Just a couple of weeks ago the central bank was talking of how “the space for action for 2013-14 remains very limited” and, while it cut repo rates by 25 bps, its refusal to cut the CRR ensured little or no transmission of the rate cuts. In other words, it looked as if RBI itself was unconvinced of the need to cut interest rates. While we had pointed out then that RBI’s hawkish tone of significant upside risks to inflation was accompanied by dovish facts—PMI at a 17-month low and GDP at a 15-quarter low—WPI has softened even further. April WPI is at a 41-month low of 4.9% and core WPI inflation is below 3%. The greatest fall, needless to say, is in primary articles where April’s 5.8% WPI compares with 7.6% in March, 10.5% in February and 11.4% in January. But more than food, the biggest driver of falling inflation rates is the demand destruction of several quarters—private consumption growth decelerated to a mere 4.1% in FY13, leaving India Inc with almost no pricing power.
Interestingly, while RBI’s policy statement had focused a lot on suppressed inflation—due to LPG and diesel subsidies, for instance—a Citibank analysis puts the suppressed inflation at around 230 bps today as compared to 400 bps a year ago. Whether even this will translate into real inflation, of course, depends upon a lot of factors. A further reduction in global commodity prices, for instance, could lower this even more. Keep in mind that, despite the subsidies on both LPG and diesel reducing over the past few months, the overall fuel index saw inflation levels fall from 12% in February to 8.7% in March and 6.1% in April as the prices of various market-determined fuels like petrol continued to fall.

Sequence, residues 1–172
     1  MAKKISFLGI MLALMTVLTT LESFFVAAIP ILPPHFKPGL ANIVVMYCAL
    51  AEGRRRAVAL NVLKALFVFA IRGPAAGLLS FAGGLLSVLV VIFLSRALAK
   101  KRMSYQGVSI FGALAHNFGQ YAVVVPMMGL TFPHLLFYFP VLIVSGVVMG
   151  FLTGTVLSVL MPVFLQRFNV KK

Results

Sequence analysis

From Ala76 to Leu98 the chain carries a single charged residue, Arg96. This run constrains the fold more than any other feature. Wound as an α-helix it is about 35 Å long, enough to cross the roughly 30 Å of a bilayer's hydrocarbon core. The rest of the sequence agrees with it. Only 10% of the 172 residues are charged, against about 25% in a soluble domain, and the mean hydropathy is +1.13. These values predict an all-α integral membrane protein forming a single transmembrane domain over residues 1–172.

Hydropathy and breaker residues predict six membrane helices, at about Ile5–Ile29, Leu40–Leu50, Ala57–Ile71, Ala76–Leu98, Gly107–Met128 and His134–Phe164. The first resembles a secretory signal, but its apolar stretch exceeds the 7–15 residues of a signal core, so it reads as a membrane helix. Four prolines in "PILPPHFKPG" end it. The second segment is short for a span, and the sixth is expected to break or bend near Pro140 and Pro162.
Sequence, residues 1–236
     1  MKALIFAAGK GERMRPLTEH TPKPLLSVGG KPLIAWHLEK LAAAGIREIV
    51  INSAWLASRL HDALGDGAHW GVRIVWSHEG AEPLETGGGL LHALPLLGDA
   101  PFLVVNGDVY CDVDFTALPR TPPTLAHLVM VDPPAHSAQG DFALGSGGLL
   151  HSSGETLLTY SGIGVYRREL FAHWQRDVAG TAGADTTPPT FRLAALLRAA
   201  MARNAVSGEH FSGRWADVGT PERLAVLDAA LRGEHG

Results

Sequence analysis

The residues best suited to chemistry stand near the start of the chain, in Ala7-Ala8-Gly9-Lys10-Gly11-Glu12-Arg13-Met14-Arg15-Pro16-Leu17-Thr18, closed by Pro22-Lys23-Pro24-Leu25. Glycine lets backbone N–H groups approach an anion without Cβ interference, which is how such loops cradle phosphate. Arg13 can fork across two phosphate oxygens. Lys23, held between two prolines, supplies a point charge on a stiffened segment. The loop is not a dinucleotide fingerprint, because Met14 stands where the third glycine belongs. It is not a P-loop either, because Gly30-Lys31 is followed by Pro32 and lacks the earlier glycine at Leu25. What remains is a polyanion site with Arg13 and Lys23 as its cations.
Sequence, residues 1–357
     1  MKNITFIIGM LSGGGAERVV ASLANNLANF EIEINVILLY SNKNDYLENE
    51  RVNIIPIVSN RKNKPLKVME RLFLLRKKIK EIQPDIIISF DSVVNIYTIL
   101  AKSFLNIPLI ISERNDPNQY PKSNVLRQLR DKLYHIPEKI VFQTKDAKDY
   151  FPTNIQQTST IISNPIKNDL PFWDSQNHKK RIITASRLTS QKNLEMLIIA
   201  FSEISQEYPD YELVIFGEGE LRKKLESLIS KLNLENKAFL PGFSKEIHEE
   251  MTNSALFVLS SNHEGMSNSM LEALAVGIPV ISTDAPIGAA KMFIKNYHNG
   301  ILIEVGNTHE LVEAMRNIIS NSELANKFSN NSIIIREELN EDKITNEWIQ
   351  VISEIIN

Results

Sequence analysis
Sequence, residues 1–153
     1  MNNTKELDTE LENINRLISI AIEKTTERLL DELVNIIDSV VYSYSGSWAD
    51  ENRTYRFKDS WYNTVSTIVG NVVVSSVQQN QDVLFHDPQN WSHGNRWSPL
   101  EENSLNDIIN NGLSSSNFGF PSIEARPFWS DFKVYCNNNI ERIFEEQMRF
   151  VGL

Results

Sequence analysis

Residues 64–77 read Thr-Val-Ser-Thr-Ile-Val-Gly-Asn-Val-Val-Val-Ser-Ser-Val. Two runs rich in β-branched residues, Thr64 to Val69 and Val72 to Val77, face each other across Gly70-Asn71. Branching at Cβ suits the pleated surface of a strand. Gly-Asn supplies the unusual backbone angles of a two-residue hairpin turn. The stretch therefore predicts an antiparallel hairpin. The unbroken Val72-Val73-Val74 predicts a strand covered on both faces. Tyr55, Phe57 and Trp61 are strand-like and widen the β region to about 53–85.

While RBI is, at a macro level, right when it talks of demand-supply imbalances, the larger point is that the slowing of the Indian economy over so many quarters made it obvious it was just a matter of time before WPI began following suit. Indeed, with services GDP also slowing, even CPI will start slowing at a faster pace in the months ahead. Even when RBI’s policy came out on May 3, it was not quite clear what the central bank’s concerns were since, apart from depressed local conditions, there was little in the global economy to suggest any sudden reversal of commodity prices either. Hopefully, RBI will get enough time to study inflation trends and their determinants—both locally and globally—by the next policy in June. A repo rate cut without a CRR cut will remain a meaningless exercise.